Read our recent letter to the Connectional Table below.
“The tone and content of your letter to us signaled a distinct shift away from the spirit-filled riskiness we experienced when we were with you and back toward institutional security. The steps forward that you outlined have been tried repeatedly for the past 40+ years and have proved inadequate.” This was our response to the first letter the Connectional Table sent to Love Prevails in December 2013. We have since exchanged two more letters. Here is the latest letter from the CT to Love Prevails earlier this month. Their response remains fundamentally the same: inadequate and shifting away from spirit-filled riskiness. We look forward to our encounter with the CT in Chicago at the end of the month.
We received the following response from the General Board of Discipleship after they received our open letter on March 4th. A response to their letter was sent to the Board of Discipleship on April 6th, 2014. See both letters below.
Love Prevails’ disruption of the Connectional Table (CT) meeting in Nashville in November was not planned as such. We had intended to pass out a list of Principled Leaders who had been lost to the denomination because of our exclusionary policies against LGBTQ people. But we had been agitated by the repressive welcome on our first day. The CT tolerated us to the point of disregarding us almost completely. I could not bear the thought that we would give them a list of people who had sacrificed their callings and ministries in our church, and that they would be ignored. So we decided that when we handed out the list, during the CT leadership report, I would sing the people’s names aloud.
I really hadn’t thought through what this experience would be like. I personally knew and loved the first five names on the list, as well as many others. When I began singing, I quickly became conscious that I was calling these person’s presence into the room. I felt them with me. For a moment my heart quickened. Then a calm came over me. It was a calm that came from elsewhere and covered me, and it was almost as if there was no one else in the room. I kept singing the names and walking. Certain people came vaguely into my view. At one point I was aware that Bishop Ough was asking me to stop singing, but it was as if I could not quite register his words. Then everyone stood up and read something together, aloud. I modulated to a higher key and sang the names louder. I had no plan of if or when to stop. Then CT member Ms. Cynthia Kent started screaming to stop the meeting. From that moment on, a conversation between Love Prevails and the Connectional Table proceeded.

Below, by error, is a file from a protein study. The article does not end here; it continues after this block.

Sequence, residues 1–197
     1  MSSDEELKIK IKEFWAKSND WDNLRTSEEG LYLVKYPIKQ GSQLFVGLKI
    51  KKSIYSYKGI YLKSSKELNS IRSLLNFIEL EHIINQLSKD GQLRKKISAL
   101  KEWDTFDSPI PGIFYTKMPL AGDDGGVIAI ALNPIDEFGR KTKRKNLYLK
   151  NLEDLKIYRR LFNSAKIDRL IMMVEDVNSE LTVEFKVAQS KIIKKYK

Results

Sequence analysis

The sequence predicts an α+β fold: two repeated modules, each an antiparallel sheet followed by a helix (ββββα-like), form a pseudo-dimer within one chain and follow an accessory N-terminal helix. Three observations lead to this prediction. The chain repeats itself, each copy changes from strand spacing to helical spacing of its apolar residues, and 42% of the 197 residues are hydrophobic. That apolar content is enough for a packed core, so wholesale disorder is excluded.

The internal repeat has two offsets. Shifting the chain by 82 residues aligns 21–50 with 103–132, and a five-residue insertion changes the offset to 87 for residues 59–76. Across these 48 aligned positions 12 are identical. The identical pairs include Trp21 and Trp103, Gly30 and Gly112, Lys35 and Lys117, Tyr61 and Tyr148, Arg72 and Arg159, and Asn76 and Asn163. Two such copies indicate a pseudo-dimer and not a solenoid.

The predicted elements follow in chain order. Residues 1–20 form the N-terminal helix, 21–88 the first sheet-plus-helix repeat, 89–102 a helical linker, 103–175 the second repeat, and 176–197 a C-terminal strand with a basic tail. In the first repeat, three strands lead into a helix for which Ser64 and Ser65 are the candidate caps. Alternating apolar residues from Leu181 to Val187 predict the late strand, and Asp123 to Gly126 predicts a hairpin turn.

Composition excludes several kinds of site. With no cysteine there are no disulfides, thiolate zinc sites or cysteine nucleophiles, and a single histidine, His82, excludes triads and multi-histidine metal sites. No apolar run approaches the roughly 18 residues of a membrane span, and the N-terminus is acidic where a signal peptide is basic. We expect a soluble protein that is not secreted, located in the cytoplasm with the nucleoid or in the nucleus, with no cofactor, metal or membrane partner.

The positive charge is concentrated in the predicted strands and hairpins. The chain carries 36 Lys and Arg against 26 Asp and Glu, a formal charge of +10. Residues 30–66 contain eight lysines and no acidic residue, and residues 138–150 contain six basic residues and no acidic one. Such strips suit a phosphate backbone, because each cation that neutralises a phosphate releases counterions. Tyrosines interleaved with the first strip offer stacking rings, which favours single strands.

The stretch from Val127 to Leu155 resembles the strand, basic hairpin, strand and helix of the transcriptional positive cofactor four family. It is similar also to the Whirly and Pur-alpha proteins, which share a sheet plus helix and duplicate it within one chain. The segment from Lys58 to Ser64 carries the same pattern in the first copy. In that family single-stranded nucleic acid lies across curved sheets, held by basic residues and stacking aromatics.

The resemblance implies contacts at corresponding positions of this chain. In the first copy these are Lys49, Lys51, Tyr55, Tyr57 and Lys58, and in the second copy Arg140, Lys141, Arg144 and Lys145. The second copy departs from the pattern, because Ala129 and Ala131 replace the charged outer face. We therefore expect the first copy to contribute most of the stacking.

When Bishop Jim Dorff spoke during those conversations afterwards, he said that when he entered the room and saw the CT members standing and speaking together aloud and heard my singing, he thought it was a moment of worship in the spirit of Pentecost. And he was right. It was a kairos moment filled with the Holy Spirit.
People ask Love Prevails why we are committed to the work of Disruption. This experience is an example of why. When Disruption is done in the right spirit, it provides opportunities for the Holy Spirit to break in, to create a disequilibrium in which new opportunities are made possible. Love Prevails will return to the Connectional Table meeting this April 2014. We will remain open to the creative work of Disruption and pray that the Holy Spirit will once again find ways to work through us.
You might have read our previous interactions with the Connectional Table here. We received a response from them on March 13th and replied on March 23rd. Please read their letter and our response below and feel free to share as we work towards the end of discrimination in our denomination.
My husband and I have made the difficult decision to leave Northwest Hills UMC in Austin, TX, and The United Methodist Church in search of a faith community that is inclusive of all people. We have been active members and leaders at NWHills for 25 years, but cannot continue to support the UMC policies of exclusion, oppression, and discrimination against lesbian, gay, bisexual, and transgender people.
The UMC stance that “the practice of homosexuality is incompatible with Christian teaching” flies in the face of medical, scientific, psychological, and other professional disciplines who agree that same-sex attraction is a perfectly normal expression of human sexuality. Bigotry is all that stands in the way of fully embracing gay and lesbian clergy and weddings, just as bigotry was overcome to denounce slavery and to welcome women into the clergy.
Our children and youth in the UMC are taught to follow the example of Christ and to oppose racial, ethnic, and sectarian prejudice. Simultaneously, the church sends a conflicting message of subtle oppression and outright exclusion. Locally, Mary Ann Kaiser has been deprived of completing the path to ordination at University UMC. Nationally, the continuing condemnation of Bishop Melvin Talbert, Pastor Frank Schaefer and others leaves us disillusioned by our church that claims to have “Open Hearts, Open Minds, Open Doors.”
Consider the LGBT kids, youth and adults worshiping in fear and secrecy within the church, and those outside the church who feel rejected and condemned. Between 30 and 40% of LGBT youth continue to attempt suicide. Ninety percent of LGBT students were harassed in the last year, and 40% of homeless youth are LGBT having been physically or emotionally forced from their own homes.
We do not take this decision lightly. My family’s affiliation with Methodism goes back for generations, including Methodist circuit riding preachers when Texas was the wild frontier. I was raised, baptized, and confirmed in the Methodist Church. My 80 year old mother is an active, dedicated member at NWHills.